Computer vision may not be making as much progress as recent research
results seem to suggest, a new MIT study says. The new study, "Why
is Real-World Visial Object Recognition Hard?" (PDF format), was
written by MIT researchers Nicolas Pinto, David D. Cox, and James J.
DiCarlo of MIT's DiCarlo Lab.
Commonly used computer vision testing methods may actually be
making things worse, say the researchers: "these results demonstrate
that tests based on uncontrolled natural images can be seriously
misleading, potentially guiding progress in the wrong direction."
The researchers offer suggestions for types of images that should be used
to test computer vision progress and call for "a renewed focus on
the core problem of object recognition—real-world image variation."
For more, see the MIT
News summary of their paper.
Synthetic images can be used for object recognition tests. However, you need to be extremely careful about how such images are produced to ensure that they contain realistic variations and imperfections. The best rendering systems currently available may be able to produce images of such quality, which are hard to distinguish from photographs.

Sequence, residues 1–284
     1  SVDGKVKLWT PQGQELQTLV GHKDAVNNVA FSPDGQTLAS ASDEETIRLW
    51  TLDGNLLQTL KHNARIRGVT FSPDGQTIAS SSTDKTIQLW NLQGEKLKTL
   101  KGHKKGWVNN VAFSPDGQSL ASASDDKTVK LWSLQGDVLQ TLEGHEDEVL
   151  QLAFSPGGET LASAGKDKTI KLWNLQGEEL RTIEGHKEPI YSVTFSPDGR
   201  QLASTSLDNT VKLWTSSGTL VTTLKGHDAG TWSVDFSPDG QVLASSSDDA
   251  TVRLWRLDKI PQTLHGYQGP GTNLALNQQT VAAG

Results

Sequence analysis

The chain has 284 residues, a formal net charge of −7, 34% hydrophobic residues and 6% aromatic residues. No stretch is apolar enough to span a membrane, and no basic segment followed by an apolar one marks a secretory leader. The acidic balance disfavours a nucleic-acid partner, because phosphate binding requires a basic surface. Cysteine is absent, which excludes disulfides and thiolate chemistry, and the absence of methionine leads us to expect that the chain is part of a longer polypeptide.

There are a few classic images often used by researchers to test the performance of stereo correspondence algorithms. However, these images are synthetic and as such contain easily identifiable edges and no significant noise or other artefacts which you would typically find in real camera images. So for example I tried using Stan Birchfield's stereo algorithm some years ago and it worked well on idealised test images, but was almost totally useless on real camera images.
So generally I'm in favour of using real camera images wherever possible rather than synthetically generated ones. Real images force you to address the same problems which biological vision systems also have to deal with. However, as the article states even with "natural" images you need to be careful to choose sets which are not statistically biased in one way or another.
"In favour of naturalism" LOL
I have to agree. When I consider robot simulations I factor in random
noise. Just like in the book Evolutionary Robotics, they
determined that a "perfect" simulation lead to significantly less than
perfect real-world results. Adding randomness to the simulation, then
fine-tuning the training in the real world resulted in a much better
result; almost ideal (or as ideal as trained control programs could be).
They also developed models from real-world sensor data to use as inputs
rather than what might be technically ideal computed sensor data. A
cylinder bounced back to sensor array not only doesn't "look like" a
perfect cylinder but even changes while everything is stationary.